Whispers under the ground: London has some weird stuff under it

Father Thames kindly permits some people to live on boats....

Father Thames kindly permits some people to live on boats….

By Ben Aaaronvitch

Book 3 in this series.

Very novel storyline about Magic and Goddesses and the Police in London.

In the UK we still throw silver coins into water to appease the goddesses and ensure good luck – although I am sure most people don’t know why they do it! In this book series, each stream or river in London at least, has its own goddess – indeed one of the most powerful being Lady Tyburn. Being well aware of this fact, on passing by the culverted River Tyburn alongside Regent’s Canal last week, I made sure that I said ‘Hello’ and let her know that I knew she was a goddess to be worshipped or at least acknowledged as a powerful being…!hmm – I may be taking my infatuation with the rivers of London a little too far.

Anyway according to this book there are magicians, good and bad of course, and strange creatures lurking and living in the shadows.

This particular episode is about the tunnels under the ground of all London, how they were created, and who by.

I have read part of a great book: Underground London: Travels Beneath the City Streets by Stephen Smith – as it says on Amazon, it’s an exploration through time: Queen Boudicca lies beneath Platform 10 at King’s Cross (legend has it); Dick Turpin fled the Bow Street Runners along secret passages leading from the cellar of the Spaniards pub in North London (one of our favourite pubs , great meals and just by Hampstead Heath too); the remains of a pre-Christian Mithraic temple have been found near the Bank of England; on the platforms of the now defunct King William Street Underground, posters still warn that ‘Careless talk costs lives’. Stephen Smith uncovers the secrets of the city by walking through sewers, tunnels under such places as Hampton Court, ghost tube stations, and long lost rivers such as the Fleet and the Tyburn (of course). I found out through this book that miners were tunnelling under Cricklewood quite recently, as they are now the artisans of choice for creating the tunnels for gas pipes, sewer building and so on.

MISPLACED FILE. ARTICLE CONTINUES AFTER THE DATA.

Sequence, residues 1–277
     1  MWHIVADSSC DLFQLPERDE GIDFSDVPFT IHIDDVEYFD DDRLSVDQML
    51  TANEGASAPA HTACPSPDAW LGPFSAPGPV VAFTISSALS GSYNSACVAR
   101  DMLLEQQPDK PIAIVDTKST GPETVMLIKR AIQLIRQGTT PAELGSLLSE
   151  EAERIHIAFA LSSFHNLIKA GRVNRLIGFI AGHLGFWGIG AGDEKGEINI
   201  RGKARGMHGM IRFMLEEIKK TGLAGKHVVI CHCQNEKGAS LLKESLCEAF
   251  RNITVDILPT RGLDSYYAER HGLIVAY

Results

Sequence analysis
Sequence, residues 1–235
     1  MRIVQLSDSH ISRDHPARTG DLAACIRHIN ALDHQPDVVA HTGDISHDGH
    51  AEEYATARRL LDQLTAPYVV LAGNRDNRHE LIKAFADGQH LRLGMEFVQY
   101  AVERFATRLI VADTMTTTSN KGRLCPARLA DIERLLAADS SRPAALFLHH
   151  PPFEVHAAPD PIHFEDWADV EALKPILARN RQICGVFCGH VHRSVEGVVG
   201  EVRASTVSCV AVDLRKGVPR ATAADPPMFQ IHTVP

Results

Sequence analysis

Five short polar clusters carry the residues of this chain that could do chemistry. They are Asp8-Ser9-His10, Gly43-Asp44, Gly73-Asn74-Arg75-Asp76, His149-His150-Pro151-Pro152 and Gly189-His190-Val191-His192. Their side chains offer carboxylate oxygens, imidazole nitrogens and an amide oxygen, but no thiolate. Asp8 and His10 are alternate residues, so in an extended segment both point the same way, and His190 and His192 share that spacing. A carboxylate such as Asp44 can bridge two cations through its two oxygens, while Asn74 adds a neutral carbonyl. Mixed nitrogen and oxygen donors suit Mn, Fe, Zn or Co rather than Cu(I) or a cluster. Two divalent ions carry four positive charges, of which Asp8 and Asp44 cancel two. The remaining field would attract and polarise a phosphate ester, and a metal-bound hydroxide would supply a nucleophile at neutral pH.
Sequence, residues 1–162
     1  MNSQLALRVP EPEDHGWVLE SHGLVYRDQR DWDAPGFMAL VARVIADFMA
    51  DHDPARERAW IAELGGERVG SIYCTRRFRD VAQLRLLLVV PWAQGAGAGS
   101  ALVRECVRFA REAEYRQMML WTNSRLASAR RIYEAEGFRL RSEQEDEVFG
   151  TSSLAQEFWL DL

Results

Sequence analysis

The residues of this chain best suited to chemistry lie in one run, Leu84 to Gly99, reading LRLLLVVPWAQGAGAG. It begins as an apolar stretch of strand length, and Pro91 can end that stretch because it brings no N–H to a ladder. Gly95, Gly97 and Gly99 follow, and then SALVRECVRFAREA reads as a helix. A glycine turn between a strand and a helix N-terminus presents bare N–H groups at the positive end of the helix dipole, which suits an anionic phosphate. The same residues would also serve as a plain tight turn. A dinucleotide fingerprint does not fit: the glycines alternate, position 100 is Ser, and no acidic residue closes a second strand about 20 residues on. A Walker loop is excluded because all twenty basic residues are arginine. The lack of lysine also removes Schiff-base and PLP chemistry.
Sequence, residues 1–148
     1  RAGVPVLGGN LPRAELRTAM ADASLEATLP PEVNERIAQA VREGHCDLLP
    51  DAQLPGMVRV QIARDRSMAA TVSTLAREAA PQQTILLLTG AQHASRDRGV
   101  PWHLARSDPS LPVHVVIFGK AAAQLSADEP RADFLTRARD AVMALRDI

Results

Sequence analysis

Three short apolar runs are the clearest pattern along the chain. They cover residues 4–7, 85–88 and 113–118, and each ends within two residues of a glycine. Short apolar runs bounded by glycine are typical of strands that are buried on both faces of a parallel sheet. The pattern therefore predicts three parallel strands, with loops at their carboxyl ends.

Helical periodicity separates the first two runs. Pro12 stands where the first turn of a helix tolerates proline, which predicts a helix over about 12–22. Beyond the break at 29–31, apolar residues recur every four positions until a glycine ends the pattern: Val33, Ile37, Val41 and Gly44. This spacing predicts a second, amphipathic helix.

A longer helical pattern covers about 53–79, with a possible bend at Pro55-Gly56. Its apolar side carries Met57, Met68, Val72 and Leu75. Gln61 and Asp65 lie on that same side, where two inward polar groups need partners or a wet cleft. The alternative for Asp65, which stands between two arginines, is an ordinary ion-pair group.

I suspect that Ben has read this book too and it is what inspired him.

Anyway, I am waiting for the next in the series please – a refreshing style of writing and enjoyable – but needs to have a stronger storyline next time.

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